The relationship of ego identity, instrumentality, and expressiveness to life stress in young adult women
In the development of life events research, several questions have been raised regarding the accurate assessment of event impact, the role of response bias, and the relevance of personality and contextual dimensions to the experience of stress. The potential for confounding outcomes with antecedent predisposing influences on the appraisal of life change and impact has been of particular concern. The purposes of this study were to examine the relationships among age, personality, and contextual life structure variables, and explore their contribution to stress appraisal in young adult women. The proportion of life change events impact appraised as negative was the dependent variable in the prediction of stress. The independent variables identified as potential stress appraisal mediators were: age, ego identity, instrumentality, psychosocial maturity, locus of control, and trait anxiety. One hundred fifty-three young adult women between the ages of 21 and 35 were recruited and surveyed by mail. The research instruments were: the Personal Data Form, used to gather information about age, health, and life structure variables; the Inventory of Psychosocial Development; the Rasmussen Ego Identity Scale; the Life Experiences Survey, a measure of life change events and their impact; the Personal Attributes Questionnaire, a measure of instrumentality and expressiveness; the Marlowe-Crowne Social Desirability scale; the Internal-External Locus of Control scale, and the State-Trait Anxiety Inventory. Women with higher levels of ego identity reported a greater degree of instrumentality; both variables were associated with a more internal locus of control. Ego identity, instrumentality, and expressiveness were found to be associated with greater psychosocial maturity and less anxiety. The results suggested that age/developmental life stage and level of trait anxiety were significantly predictive of negative life change impact. Supplementary analyses indicated a potential association between contextual life structure variables and the relationship between age and stress. It was concluded that trait anxiety functioned as a mediator for the effects of ego identity, psychosocial maturity, and instrumentality in the stress appraisal process.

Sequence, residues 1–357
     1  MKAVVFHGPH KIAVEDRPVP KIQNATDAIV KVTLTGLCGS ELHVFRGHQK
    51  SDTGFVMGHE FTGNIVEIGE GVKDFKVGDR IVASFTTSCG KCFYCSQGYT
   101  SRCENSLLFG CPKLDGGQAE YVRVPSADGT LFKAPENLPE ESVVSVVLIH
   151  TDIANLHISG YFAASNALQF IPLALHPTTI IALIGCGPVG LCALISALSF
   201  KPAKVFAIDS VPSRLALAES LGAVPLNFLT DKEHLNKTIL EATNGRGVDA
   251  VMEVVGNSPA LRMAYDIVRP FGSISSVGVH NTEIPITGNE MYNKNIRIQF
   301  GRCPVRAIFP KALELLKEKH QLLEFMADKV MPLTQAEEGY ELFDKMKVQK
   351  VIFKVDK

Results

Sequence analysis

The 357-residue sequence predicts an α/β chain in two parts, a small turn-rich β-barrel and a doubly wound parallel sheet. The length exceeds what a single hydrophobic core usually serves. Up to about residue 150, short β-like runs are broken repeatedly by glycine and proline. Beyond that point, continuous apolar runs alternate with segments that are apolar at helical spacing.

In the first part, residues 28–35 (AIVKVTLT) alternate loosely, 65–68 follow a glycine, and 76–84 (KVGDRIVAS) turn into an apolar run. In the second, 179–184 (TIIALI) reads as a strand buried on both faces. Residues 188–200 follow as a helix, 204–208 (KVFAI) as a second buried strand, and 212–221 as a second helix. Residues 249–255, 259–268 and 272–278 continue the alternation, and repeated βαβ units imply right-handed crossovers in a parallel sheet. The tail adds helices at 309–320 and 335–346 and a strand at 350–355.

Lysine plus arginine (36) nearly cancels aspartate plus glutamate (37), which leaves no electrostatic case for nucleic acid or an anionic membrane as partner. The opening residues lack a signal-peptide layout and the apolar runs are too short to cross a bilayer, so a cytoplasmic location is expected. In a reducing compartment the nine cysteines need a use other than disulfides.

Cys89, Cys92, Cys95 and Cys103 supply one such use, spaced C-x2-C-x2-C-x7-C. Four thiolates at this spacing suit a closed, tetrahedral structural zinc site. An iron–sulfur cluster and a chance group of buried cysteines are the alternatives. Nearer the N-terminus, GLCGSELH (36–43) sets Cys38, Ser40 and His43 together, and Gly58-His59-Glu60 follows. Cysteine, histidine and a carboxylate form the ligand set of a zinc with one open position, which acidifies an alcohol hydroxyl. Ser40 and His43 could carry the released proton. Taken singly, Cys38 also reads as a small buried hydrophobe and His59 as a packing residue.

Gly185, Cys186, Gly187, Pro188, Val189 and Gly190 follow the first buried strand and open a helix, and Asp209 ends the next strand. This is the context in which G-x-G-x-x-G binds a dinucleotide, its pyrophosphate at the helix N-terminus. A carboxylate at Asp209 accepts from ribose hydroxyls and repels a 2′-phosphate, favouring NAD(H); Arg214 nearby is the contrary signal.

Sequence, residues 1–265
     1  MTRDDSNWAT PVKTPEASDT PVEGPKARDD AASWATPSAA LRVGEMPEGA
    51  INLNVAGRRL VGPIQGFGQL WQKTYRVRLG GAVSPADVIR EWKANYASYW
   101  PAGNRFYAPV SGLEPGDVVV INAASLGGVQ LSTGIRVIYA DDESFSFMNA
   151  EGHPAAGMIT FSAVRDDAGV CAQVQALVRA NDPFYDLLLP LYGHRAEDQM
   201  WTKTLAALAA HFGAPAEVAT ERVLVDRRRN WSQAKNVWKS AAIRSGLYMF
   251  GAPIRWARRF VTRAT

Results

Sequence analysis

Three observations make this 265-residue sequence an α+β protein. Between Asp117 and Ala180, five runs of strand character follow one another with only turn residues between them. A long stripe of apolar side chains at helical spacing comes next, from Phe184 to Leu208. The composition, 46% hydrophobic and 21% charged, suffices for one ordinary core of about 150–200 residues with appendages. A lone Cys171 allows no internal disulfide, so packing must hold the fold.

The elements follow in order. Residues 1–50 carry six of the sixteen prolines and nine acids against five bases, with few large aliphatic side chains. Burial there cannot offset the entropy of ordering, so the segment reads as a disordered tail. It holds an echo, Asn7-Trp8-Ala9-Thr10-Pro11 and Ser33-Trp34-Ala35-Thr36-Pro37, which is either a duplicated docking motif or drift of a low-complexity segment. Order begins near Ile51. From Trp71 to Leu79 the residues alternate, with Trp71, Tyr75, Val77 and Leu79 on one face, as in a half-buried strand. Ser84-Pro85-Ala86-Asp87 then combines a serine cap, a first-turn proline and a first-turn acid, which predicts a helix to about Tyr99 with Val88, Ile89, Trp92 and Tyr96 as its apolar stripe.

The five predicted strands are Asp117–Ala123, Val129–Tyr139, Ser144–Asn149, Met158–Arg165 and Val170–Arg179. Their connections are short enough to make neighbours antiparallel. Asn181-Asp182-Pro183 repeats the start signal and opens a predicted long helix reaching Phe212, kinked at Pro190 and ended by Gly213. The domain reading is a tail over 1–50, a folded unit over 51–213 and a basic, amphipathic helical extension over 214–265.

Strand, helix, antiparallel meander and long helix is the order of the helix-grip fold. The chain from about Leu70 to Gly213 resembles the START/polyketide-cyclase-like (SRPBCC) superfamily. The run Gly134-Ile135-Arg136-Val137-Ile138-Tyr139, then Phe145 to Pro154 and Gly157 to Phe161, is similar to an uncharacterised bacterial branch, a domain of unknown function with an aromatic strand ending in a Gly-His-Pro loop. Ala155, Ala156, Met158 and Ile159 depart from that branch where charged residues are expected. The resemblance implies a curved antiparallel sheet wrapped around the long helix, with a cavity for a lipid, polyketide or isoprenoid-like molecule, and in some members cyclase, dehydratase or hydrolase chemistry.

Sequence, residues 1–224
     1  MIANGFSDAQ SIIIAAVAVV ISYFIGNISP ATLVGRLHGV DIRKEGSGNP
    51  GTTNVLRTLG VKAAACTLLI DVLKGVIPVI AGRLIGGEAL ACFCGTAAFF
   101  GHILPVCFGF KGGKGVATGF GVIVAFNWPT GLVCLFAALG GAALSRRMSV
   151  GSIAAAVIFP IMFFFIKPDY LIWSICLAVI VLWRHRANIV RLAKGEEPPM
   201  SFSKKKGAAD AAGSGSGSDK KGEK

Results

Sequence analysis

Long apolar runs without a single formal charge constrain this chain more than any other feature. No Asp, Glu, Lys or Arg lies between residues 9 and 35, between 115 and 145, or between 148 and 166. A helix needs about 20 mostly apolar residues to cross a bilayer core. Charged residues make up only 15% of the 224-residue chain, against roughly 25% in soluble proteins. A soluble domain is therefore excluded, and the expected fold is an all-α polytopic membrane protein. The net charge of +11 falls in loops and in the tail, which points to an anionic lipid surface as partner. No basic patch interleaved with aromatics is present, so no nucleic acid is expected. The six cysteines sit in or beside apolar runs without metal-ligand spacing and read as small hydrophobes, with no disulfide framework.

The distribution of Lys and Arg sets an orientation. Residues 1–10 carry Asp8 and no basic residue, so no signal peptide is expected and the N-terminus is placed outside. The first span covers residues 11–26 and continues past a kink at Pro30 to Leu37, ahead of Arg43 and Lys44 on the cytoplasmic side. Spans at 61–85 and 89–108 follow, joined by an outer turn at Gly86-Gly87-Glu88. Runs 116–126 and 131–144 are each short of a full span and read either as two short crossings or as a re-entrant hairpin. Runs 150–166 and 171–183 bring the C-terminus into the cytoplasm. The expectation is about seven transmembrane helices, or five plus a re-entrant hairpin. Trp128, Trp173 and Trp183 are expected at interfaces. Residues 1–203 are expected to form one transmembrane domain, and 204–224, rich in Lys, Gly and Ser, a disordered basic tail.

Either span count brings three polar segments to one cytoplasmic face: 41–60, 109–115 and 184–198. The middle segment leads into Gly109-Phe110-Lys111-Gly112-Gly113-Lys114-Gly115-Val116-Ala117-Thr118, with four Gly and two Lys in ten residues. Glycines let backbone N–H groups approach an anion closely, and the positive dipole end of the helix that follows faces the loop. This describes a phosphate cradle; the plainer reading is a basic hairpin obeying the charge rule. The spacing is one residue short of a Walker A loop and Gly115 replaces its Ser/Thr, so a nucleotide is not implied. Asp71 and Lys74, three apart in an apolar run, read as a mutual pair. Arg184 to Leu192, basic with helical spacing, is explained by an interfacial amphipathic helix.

Troy, Ann Margaret, "The relationship of ego identity, instrumentality, and expressiveness to life stress in young adult women" (1995). ETD Collection for Fordham University. AAI9613861.